PAPUANS BEHIND BARS is a new project about political prisoners in West Papua. The group aims  to provide accurate and transparent data, published in English and Indonesian, to facilitate direct support for prisoners and promote wider debate and campaigning in support of free expression in West Papua.

Papuans Behind Bars is a collective project initiated by Papuan civil society groups working together as the Civil Society Coalition to Uphold Law and Human Rights in Papua.

It is a grassroots initiative and represents a broad collaboration between lawyers, human rights groups, adat groups, activists, journalists and individuals in West Papua, Jakarta-based NGOs and international solidarity groups.

The project holds records of over 200 current and former political prisoners and the website - - will go live sometime later this month.

The group pledges to publish monthly Updates, providing alerts on political arrests and a round-up of latest developments affecting Papuan political prisoners. The recent Update is the first in the series.

Thursday, March 7, 2013

Fiji prisoner beating: 'They treated my son like an animal'

A tearful Viriseini Sanawa tells of the trauma she endured while watching the online video.
Picture: Jone Luvenitoga/Fiji Times
By Nanise Loanakadavu of The Fiji Times

"ISA na luvequ! Oilei turaga! Sa mosi dina na yaloqu, na cava beka e leqa
(Oh my son! Oh Lord! My heart is in pain, what is the problem)."

These were words of 42-year-old Viriseini Sanawa, the mother of one of the two handcuffed men being brutalised by a group of men - identified as security forces - in an online video that went viral on Monday night. It is now being investigated by Fiji police.

It was after midday on Wednesday when Sanawa's neighbour called her to watch what they believed was her son being brutalised by the group in the tray of a truck. She said the family did not mention anything about the video until she watched it and confirmed it was her son, Iowane Benedito.

"Isa, koya saraga qo na luvequ. Isa, Iowane na luvequ (That's my son ... Iowane, my son).

'Neo-liberalism a lie a thousand times over' - tribute to Chávez

"WE ARE all Chávez" ... those were the chants from his supporters following the death of Venezuela's president. Losing his two-year battle with cancer, Hugo Chávez died on Tuesday at the age of 58 and Venezuela has declared seven days of mourning.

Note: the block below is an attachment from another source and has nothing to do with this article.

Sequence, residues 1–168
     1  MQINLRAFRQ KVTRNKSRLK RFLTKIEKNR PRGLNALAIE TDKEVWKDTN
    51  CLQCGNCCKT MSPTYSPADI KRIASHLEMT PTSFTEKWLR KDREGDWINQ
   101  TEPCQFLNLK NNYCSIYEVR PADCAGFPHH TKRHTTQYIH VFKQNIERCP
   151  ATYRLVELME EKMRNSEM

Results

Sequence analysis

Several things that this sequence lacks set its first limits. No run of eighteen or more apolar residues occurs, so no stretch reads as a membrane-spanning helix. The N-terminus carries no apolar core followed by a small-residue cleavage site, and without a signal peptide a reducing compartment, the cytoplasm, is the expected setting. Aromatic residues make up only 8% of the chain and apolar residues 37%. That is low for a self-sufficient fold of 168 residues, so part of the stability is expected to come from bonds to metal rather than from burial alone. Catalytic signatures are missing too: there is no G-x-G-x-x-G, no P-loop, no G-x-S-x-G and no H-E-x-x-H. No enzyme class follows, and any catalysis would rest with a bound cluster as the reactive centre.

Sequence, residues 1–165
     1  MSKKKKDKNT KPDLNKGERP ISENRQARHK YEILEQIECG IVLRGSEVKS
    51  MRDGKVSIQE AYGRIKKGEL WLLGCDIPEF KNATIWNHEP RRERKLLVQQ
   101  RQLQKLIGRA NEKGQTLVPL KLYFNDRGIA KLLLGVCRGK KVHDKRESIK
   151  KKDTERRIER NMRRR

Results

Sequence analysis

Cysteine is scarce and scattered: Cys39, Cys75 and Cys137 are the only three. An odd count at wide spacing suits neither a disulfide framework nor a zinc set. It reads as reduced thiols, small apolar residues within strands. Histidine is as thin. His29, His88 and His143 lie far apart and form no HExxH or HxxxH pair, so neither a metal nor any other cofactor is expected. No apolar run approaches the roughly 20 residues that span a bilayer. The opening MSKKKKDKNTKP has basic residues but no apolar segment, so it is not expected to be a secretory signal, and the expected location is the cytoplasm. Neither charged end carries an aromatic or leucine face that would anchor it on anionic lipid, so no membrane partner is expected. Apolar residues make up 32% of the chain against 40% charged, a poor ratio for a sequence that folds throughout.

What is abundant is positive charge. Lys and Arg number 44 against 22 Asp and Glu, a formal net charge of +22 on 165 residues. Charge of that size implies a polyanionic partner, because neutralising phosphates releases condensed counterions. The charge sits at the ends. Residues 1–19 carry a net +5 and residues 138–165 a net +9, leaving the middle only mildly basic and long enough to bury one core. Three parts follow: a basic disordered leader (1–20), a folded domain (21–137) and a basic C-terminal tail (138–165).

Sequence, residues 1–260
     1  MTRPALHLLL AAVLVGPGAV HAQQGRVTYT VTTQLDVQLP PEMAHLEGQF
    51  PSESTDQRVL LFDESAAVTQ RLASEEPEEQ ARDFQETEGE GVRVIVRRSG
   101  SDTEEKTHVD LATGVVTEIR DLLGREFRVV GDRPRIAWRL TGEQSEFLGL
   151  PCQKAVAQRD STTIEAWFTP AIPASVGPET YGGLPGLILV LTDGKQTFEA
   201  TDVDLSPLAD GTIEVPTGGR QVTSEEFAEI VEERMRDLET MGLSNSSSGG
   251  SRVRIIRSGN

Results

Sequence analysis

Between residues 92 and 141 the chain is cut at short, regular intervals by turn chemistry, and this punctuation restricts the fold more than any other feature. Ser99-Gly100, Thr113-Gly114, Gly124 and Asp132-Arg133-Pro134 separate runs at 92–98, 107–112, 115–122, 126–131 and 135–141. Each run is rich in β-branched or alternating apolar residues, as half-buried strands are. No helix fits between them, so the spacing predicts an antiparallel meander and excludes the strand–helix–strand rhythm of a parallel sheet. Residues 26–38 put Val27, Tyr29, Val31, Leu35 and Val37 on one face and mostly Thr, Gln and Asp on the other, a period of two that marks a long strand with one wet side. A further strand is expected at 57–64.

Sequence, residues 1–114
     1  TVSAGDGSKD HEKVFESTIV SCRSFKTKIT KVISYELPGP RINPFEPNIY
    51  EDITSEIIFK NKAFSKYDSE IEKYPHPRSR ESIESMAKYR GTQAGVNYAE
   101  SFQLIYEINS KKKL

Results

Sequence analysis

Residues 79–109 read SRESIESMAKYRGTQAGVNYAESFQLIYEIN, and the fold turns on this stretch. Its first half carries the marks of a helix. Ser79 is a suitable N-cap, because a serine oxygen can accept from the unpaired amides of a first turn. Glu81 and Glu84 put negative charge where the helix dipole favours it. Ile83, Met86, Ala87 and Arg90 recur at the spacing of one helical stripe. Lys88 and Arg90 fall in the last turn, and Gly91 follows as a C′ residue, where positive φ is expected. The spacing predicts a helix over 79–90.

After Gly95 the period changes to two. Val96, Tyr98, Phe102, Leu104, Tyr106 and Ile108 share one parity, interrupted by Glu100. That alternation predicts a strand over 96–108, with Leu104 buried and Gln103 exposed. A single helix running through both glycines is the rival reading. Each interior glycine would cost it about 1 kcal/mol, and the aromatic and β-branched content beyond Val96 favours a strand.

Always a controversial figure, reports Al Jazeera, Chávez rose from the ranks of the military to become the leader of one of Latin America's largest economies. And he divided opinion throughout his presidency.
But loved or loathed, Chávez always made an impression. One of the most colourful figures on the world stage, he styled himself as a leader of global anti-imperialism which was reflected in his international allies.
In 2002, Venezuela was supposed to be the first post-911 CIA coup. It worked - until it didn't.

A documentary film crew from Ireland's national broadcaster RTÉ "accidentally" captured the whole story - a story that the US news media conveniently forgets as it reflects on Chávez.

Tuesday, March 5, 2013

Viral 'horror' torture video prompts Fiji Times editorial

AMNESTY INTERNATIONAL has called for an independent and transparent investigation into the Fiji assault of two prisoners by apparent plainclothes security forces as a public outcry climbed over brutal torture scenes portrayed in a leaked video.

The global human rights organisation said torture was unacceptable under any circumstances and those responsible for the shocking scenes on the video should be brought to justice.

Police spokesman Inspector Atunaisa Sokomuri said in a press conference in Suva yesterday that the force was disturbed to see the video of what appeared to be the abuse of two men understood to be recaptured prisoners. But added that they were not the fugitives who escaped from Naboro Prison last year.

Fiji Times EDITORIAL by Fred Wesley
Wednesday, March 6, 2013

AS police investigate the circumstances surrounding a video that shows a group of men brutally assaulting two handcuffed men, a lot of questions will emerge.

Sunday, March 3, 2013

From Philippines guerrilla ‘posting’ to hospital life, Vanessa’s journey of courage

Former New People's Army guerrilla Vanessa Delos Reyes talks to the author,
Cameron Walker, in hospital. Image: Cameron Walker/PMC
AT FIRST it was difficult to adapt to life as a guerrilla. Living in the mountains brings its own set of challenges. New recruits must get used to building temporary shelter, known as "postings". Now Vanessa Delos Reyes is grappling with life in support of detainees after a crippling spinal wound.

By Cameron Walker

At the Southern Medical Centre of the Philippines in Davao City, I visited Vanessa Delos Reyes, a 27-year-old former guerrilla of the New People’s Army (NPA).

Vanessa is undergoing physical therapy to restore movement to her lower body after suffering a bullet wound to the spine while carrying an injured colleague to safety during an attack by the Armed Forces of the Philippines’ Scout Rangers in 2011.

She had been a member of the NPA, the armed wing of the Communist Party of the Philippines, since 2006.

Before arriving at the hospital, I had been told to expect to be searched by armed guards.  Instead, I was greeted with warm smiles and handshakes by Vanessa’s parents and a Catholic nun who is in charge of the hospital ward.